Mesh size is one of the most common problems in FEA. There is a fine line here: bigger elements give bad results, but smaller elements make computing so long you don’t get the results at all. You never really know where exactly is your mesh size on this scale. Learn how to choose the correct size of mesh and estimate at which mesh size accuracy of the solution is acceptable.

As an example, I will use a simple discretely supported shell. As an “outcome” I will use the critical load multiplier of the first eigenvalue.

It’s perhaps worth mentioning that the “outcome” can be anything that interests you. If you want to know the certain stress component in a certain node, or a displacement of selected DOF that is ok. Whatever you choose goes, as long as it is actually influenced by the mesh size! I took the multiplier simply as it is easy to obtain, and linear buckling computes very fast 🙂

**Choose a correct mesh size**

You can see the model I used below. Notice how deformation shape and outcomes changes with the mesh refinement. I should write that mesh refinement check (often called mesh convergence) should be made for each problem. This is somewhat true but let’s face it, you won’t make it for each problem most likely… it simply takes a lot of time! I would suggest you do such a study for some of the most important projects/parts and based on that experience you can extrapolate the knowledge to similar problems.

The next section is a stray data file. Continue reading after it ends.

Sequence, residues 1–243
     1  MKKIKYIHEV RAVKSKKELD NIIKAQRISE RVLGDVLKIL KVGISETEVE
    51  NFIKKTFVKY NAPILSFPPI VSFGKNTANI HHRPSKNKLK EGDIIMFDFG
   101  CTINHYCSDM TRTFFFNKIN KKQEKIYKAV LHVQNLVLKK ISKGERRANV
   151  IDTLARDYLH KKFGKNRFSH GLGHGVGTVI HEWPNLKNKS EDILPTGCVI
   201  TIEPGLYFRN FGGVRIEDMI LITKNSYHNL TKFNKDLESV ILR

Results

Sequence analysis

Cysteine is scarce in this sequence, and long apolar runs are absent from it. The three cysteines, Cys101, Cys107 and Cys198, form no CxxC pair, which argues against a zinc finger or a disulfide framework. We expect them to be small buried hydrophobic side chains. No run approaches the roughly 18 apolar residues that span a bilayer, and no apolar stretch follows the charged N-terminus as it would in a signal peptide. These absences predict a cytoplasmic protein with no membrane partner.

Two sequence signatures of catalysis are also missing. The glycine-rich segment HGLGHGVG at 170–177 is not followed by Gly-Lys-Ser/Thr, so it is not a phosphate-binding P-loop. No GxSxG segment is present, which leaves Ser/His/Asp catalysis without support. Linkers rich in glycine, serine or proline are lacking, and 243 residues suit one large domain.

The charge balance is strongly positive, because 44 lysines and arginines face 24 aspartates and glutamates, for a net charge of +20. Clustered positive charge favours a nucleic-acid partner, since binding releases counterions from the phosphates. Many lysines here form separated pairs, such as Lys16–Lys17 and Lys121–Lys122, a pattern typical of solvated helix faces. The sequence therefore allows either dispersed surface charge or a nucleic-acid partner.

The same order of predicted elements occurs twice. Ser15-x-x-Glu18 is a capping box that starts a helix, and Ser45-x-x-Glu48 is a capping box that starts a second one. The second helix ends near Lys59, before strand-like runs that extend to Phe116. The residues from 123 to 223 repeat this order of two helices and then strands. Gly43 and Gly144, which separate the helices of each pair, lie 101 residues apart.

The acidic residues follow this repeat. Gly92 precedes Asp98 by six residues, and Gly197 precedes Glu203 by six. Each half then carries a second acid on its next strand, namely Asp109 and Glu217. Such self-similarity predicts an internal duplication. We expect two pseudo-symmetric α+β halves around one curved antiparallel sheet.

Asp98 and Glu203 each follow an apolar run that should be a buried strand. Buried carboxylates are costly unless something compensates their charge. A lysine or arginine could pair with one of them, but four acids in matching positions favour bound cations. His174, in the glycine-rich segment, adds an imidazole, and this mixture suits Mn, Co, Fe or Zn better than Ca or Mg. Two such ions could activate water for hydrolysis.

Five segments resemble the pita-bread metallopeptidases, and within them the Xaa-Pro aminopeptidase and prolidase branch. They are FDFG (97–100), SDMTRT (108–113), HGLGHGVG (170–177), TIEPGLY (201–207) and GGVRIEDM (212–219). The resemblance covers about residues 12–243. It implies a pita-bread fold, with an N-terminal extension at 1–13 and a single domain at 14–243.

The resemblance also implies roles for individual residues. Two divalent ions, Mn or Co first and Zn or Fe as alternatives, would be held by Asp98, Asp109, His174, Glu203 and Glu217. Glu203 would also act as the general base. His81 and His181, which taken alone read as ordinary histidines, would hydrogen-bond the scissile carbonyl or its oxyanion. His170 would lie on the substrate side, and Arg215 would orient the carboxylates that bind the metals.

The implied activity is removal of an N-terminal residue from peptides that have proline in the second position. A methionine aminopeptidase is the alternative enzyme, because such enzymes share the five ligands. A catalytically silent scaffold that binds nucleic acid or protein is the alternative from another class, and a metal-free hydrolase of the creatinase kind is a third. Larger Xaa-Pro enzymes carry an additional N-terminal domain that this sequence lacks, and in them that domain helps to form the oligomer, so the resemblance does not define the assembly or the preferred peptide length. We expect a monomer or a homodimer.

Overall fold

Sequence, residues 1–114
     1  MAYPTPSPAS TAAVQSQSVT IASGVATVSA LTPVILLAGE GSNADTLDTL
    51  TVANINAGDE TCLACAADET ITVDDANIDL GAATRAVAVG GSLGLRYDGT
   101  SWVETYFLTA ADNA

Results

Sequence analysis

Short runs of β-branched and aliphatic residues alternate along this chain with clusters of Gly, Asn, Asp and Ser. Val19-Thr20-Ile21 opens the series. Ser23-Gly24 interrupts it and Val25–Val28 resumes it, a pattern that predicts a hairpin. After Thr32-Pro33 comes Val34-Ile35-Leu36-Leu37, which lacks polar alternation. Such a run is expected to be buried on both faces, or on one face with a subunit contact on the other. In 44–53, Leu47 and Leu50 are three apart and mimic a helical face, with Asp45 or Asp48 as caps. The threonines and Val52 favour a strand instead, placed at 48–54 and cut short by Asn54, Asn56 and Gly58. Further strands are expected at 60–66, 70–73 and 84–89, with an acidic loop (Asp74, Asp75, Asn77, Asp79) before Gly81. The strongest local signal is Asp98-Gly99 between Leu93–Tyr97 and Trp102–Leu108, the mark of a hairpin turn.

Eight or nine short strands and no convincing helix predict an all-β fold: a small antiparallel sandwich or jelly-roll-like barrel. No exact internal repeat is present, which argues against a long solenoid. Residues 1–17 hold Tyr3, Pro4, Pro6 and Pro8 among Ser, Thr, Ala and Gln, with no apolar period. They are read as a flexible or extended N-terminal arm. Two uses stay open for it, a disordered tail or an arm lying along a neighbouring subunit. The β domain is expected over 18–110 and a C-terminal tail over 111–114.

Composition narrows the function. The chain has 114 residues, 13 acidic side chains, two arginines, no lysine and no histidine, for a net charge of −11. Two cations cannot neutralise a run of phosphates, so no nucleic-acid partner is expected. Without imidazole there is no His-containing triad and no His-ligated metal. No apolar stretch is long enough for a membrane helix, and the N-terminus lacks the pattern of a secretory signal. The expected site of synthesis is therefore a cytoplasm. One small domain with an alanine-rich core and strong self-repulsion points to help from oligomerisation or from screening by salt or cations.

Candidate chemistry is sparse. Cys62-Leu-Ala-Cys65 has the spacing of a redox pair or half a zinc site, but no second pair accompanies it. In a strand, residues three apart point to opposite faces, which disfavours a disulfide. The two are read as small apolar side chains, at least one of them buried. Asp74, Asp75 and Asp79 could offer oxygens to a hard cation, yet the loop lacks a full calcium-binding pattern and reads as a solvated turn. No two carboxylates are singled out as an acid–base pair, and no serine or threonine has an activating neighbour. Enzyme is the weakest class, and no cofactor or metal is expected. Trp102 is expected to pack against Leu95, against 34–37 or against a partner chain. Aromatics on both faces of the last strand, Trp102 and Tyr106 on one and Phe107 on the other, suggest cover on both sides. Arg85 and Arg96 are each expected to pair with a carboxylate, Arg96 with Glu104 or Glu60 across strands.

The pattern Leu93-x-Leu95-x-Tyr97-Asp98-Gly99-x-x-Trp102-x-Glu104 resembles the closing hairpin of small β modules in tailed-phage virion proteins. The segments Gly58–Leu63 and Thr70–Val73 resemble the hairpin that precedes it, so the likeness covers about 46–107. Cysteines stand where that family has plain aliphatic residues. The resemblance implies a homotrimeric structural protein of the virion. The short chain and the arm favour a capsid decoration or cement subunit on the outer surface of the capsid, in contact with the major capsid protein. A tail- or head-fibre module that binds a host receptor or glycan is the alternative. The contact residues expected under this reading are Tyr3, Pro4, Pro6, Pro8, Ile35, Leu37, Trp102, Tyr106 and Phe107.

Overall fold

In this example, I am using QUAD4 elements (normal 4 node quadrilateral elements, sometimes referred to as “S4”).

In order to establish suitable finite element size:

- Perform chosen analysis for several different mesh sizes.
- Notice where high deformations or high stresses occur, perhaps it is worth to refine mesh in those regions.
- Collect data from analysis of each mesh: outcome, number of nodes in the model, computing time

For our shell, I have performed some analysis for different element sizes. On the drawing above you can see the outcome for few selected meshes. Please notice, that for biggest elements actual *eigenvalue shape* is different than in the case of models with more refined mesh.

**What mesh size is “small enough”**

Usually smaller mesh means more accurate results, but the computing time gets significant as well.

You should search for a balance between computing time and accuracy. In some instances you can increase computing time over 2 times to improve accuracy by 1% – for me, that seems unreasonable. Knowing your problem you will know best what makes sense and what doesn’t, based on what accuracy do you need.

When mesh density is being discussed in tutorials, different problems are solved with known analytical solution. You can then easily compare the FEA outcome to a known solution – you get an error value without trouble. This is a fantastic approach that can teach you a lot, but unfortunately in reality you don’t know the correct answer… so you can’t really do that can you?

Unfortunately in almost all analysis performed for commercial or scientific purposes the solution of the problem is unknown. In those cases the “typical” approach doesn’t work. Instead, you will have to “guess” the correct answer basing on the models with different meshes you have done. This is done with the following chart: